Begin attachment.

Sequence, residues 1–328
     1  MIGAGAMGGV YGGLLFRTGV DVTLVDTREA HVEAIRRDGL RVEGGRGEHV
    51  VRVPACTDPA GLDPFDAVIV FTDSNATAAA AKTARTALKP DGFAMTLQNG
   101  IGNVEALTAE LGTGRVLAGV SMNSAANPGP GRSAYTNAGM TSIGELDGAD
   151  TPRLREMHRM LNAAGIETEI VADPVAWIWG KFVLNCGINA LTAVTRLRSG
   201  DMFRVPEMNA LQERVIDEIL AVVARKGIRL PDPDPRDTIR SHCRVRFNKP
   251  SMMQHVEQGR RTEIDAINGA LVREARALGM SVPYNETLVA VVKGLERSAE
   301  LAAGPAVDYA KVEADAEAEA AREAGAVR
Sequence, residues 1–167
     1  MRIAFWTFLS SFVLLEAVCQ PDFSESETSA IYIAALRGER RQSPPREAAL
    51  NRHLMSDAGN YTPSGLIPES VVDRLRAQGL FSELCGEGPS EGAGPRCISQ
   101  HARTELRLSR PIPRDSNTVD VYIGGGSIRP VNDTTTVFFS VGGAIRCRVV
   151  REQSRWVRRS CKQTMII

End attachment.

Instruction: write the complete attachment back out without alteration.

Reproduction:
Sequence, residues 1–328
     1  MIGAGAMGGV YGGLLFRTGV DVTLVDTREA HVEAIRRDGL RVEGGRGEHV
    51  VRVPACTDPA GLDPFDAVIV FTDSNATAAA AKTARTALKP DGFAMTLQNG
   101  IGNVEALTAE LGTGRVLAGV SMNSAANPGP GRSAYTNAGM TSIGELDGAD
   151  TPRLREMHRM LNAAGIETEI VADPVAWIWG KFVLNCGINA LTAVTRLRSG
   201  DMFRVPEMNA LQERVIDEIL AVVARKGIRL PDPDPRDTIR SHCRVRFNKP
   251  SMMQHVEQGR RTEIDAINGA LVREARALGM SVPYNETLVA VVKGLERSAE
   301  LAAGPAVDYA KVEADAEAEA AREAGAVR
Sequence, residues 1–167
     1  MRIAFWTFLS SFVLLEAVCQ PDFSESETSA IYIAALRGER RQSPPREAAL
    51  NRHLMSDAGN YTPSGLIPES VVDRLRAQGL FSELCGEGPS EGAGPRCISQ
   101  HARTELRLSR PIPRDSNTVD VYIGGGSIRP VNDTTTVFFS VGGAIRCRVV
   151  REQSRWVRRS CKQTMII